Early this month, the Scottish government announced that it would extend its moratorium on fracking for an indefinite period of time. This was good news for the global anti-fracking movement, but very bad news for James Ratcliffe, the secretive billionaire owner of the chemical colossus Ineos Corporation.
His company is already a key player in the fracking business here in the United States. The company imports U.S. gas derived from fracking to its chemical plants in Europe, using this key feedstock for one of its primary businesses, the manufacture of plastic pellets. Those materials make it to Europe thanks to its fleet of so-called “dragon ships,” which travel across the Atlantic Ocean for processing at refineries like the Ineos-owned facility at Grangemouth in Scotland.
That business will see a serious boost if the Mariner East 2 pipeline is put into operation. The highly controversial project, now owned by Energy Transfer Partners, would carry highly volatile gas liquids 350 miles across the state of Pennsylvania to an export terminal near Philadelphia, where it can be loaded onto the Ineos ships.
Despite the size of the company, Ineos remains shrouded in mystery. A new issue brief from our affiliate Food & Water Watch Europe, “Chemical Billionaire’s Bid for Fossil Fuel Empire,” provides an in-depth look at the rise of Ineos. And it lays out the company's plans for the future, which are dangerously simple: Push for more fracking in the United States, while buying up licenses and infrastructure to start drilling in the UK.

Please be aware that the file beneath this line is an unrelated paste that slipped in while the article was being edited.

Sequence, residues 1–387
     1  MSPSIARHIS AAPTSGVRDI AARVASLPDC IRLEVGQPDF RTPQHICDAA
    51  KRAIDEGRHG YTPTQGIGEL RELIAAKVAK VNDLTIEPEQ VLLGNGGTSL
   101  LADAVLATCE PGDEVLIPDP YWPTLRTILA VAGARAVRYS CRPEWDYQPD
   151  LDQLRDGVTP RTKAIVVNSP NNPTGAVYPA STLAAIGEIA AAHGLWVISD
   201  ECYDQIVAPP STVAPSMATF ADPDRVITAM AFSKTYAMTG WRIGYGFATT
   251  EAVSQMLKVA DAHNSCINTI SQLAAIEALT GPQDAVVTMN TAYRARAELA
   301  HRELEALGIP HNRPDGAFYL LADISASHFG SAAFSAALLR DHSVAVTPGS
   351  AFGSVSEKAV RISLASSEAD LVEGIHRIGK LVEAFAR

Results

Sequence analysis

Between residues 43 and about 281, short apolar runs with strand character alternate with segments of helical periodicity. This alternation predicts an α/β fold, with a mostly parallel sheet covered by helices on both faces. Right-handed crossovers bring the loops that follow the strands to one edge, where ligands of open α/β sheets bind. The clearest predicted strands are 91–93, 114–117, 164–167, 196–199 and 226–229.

Ratcliffe’s “dream” is, in fact, a nightmare. As the new report documents, Ineos is not content with importing fracking-derived feedstocks via its trans-Atlantic virtual pipeline. The company has been pushing hard to begin fracking in Scotland and England. Ineos is the largest holder of shale drilling licenses in the United Kingdom, including significant historical sites such as the Sherwood Forest of Robin Hood lore. And the company is also making substantial investments in fossil fuel infrastructure, including storage tanks and pipelines, in preparation for a European fracking bonanza.
But there’s just one problem: It might not ever happen. The growing public opposition to fracking in Scotland and England, and the movement to stop the Mariner East 2 here, is a serious threat to Ineos’s plans to frack everywhere it wants. Despite the company’s huge investments in lobbying government officials, it was unable to sway the Scottish government to support fracking. The company even released a last-minute video pleading the pro-fracking case, to no avail. And the resurgent Labor Party in England has said it would support a fracking ban there as well.
As the new report makes clear, Ratcliffe has made billions by placing some very risky bets. He has profited off the misery and destruction caused by fracking in Pennsylvania and Ohio. But those communities—and the global movement supporting them—are fighting to stop Ineos in its tracks.